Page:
Voters support more inspections of aging condos, poll finds

The poll comes as Florida lawmakers consider changes in the wake of the condo collapse last June in Surfside.
Rescue workers search in the rubble on July 5, 2021, after the remaining portion of the 12-story oceanfront Champlain Towers South Condo was brought down the previous evening with a controlled demolition in Surfside.
Rescue workers search in the rubble on July 5, 2021, after the remaining portion of the 12-story oceanfront Champlain Towers South Condo was brought down the previous evening with a controlled demolition in Surfside. [ CHRIS DAY | South Florida ]
Published Feb. 16, 2022

TALLAHASSEE — As Florida legislators decide whether or not to require regular structural inspections of all aging condominiums in the state, a new poll shows that voters overwhelmingly support the idea.

A poll by Mason-Dixon research found that 85 percent of all voters surveyed said they support “requiring periodic inspections of all multi-family residential units in Florida.”

The survey comes as lawmakers are advancing new legislation in response to the collapse of Champlain Towers South in Surfside last June.

The new rules would require structural inspections of condos after 30 years if they are three stories or higher, or are 25 years old and within three miles of the coast. Every 10 years after that, the buildings must be recertified again.

Related: Florida bill would require condo owners to conduct inspections, save for repairs

If the inspection reveals “substantial damage to certain structural or life-safety systems,” the proposal requires an additional, more intensive inspection, called a “phase 2″ inspection. The repairs would have to adhere to a time schedule advised by the architect or engineer that does the inspection.

The Senate has advanced SB 1702, sponsored by Sen. Jennifer Bradley, and SB 7042 by the Senate Regulated Industries Committee, and the House is moving HB 7069 by the House Pandemics and Public Emergencies. The bills incorporate recommendations outlined by the Surfside Working Group’s Florida Building Professionals Recommendations.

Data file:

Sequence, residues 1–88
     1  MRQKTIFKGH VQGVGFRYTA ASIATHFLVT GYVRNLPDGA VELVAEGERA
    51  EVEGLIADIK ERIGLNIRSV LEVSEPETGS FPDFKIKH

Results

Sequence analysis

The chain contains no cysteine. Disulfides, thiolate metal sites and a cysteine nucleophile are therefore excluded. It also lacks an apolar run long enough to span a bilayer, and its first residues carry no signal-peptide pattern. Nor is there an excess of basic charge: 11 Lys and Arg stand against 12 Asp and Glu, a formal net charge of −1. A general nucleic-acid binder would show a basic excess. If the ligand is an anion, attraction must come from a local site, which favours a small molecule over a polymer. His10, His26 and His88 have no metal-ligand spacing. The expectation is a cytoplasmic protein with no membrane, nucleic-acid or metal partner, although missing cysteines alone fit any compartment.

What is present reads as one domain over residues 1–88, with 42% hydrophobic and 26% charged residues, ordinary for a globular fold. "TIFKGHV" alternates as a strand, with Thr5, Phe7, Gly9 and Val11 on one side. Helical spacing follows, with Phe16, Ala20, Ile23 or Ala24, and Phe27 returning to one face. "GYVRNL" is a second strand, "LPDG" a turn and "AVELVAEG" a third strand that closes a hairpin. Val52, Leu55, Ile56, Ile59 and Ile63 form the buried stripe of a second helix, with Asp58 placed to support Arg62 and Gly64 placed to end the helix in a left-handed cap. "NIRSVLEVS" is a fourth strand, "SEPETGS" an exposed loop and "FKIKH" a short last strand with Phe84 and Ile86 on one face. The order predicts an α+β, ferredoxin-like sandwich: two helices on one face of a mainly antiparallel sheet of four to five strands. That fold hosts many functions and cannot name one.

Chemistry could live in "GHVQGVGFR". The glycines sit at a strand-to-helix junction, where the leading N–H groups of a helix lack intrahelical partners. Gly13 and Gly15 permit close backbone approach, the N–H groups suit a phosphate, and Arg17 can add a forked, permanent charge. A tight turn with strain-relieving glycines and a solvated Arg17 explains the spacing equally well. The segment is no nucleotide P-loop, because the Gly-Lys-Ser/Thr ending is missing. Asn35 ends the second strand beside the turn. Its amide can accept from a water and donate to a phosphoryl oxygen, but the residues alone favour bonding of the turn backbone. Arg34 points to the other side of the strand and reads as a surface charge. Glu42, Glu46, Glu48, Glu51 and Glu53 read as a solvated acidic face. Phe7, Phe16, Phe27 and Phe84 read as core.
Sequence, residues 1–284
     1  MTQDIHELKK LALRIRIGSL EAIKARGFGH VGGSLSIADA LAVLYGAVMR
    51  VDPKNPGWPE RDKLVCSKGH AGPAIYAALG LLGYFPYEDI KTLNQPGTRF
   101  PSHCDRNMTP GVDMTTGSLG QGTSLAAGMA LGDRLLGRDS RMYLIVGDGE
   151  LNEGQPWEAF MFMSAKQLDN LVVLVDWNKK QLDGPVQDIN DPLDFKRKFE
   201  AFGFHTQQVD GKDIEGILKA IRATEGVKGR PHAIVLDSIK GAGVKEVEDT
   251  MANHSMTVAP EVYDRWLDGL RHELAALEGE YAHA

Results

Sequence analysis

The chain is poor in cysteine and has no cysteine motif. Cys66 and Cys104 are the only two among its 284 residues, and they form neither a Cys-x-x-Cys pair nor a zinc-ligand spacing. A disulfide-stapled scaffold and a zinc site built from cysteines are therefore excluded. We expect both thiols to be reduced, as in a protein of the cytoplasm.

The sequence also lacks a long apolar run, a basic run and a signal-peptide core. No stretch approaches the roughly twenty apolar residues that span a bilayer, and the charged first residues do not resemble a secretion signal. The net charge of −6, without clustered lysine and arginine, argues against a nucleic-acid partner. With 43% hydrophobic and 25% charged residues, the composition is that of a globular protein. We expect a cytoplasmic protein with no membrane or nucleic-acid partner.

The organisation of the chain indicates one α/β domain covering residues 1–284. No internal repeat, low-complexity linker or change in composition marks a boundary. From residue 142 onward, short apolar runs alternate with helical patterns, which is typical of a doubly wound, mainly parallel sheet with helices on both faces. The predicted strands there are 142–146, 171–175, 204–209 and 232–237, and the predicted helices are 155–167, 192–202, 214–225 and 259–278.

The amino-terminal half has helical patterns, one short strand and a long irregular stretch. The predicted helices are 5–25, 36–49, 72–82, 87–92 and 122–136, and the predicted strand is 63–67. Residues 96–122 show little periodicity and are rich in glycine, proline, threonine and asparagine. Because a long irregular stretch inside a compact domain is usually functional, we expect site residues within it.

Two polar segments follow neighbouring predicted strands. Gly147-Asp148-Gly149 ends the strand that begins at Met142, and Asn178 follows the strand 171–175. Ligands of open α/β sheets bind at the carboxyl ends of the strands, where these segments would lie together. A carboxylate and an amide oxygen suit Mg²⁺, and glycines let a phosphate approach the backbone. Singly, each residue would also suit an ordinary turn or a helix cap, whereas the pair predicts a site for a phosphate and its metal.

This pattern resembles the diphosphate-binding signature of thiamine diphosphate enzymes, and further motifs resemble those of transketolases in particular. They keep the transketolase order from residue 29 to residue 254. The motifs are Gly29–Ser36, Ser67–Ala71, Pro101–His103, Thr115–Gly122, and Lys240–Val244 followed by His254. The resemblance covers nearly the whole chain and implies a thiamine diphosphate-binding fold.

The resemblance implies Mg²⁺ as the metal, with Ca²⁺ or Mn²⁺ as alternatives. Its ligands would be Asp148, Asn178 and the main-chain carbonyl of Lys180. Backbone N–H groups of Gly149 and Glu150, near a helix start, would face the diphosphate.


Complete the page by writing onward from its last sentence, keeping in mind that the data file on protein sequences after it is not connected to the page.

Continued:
The measures also attempt to address issues around how to pay for the structural improvements once they are identified. Current law allows the condo associations to waive the assessment requirements, leaving price tags in place and repairs neglected for years. The governance structure of condominium associations allows them to elect boards of directors and hire management companies, but when it comes to funding repairs, many associations are reluctant to impose the fees on the members who elected them.

There are an estimated 2 million people living in more than 912,000 condominium units that are 30 years or older. Of the 1.5 million condo units in Florida, another 131,773 are 20 to 30 years old, and more than 105,000 condo units are more than 50 years old.

Under current law, only Miami-Dade and Broward counties and some individual cities require regular inspections of condos to ascertain their structural integrity.

“It’s clear that Floridians want lawmakers to take swift action this legislative session to help ensure we never experience another Surfside condo collapse,” said Allen Douglas, executive director of the Florida Engineering Society and the American Council of Engineering Companies of Florida, which released the poll results.

Brad Coker, CEO/managing director of Mason-Dixon Polling & Strategy, said the results demonstrate “the high level of concern that Floridians have regarding the safety of high-rise construction and their overwhelming support for expanding inspection requirements across the state.”

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The poll of 625 registered Florida voters, interviewed live by telephone using randomly selected numbers from a voter registration list, included both landline and cell phone numbers. The margin for error was plus or minus 4 percentage points.

Voters were told that there are more than 3.5 million people living in about 1 million condominium units that are at least 20 years old and only a small number of communities require safety inspections. They were asked if they support more frequent inspections or not.

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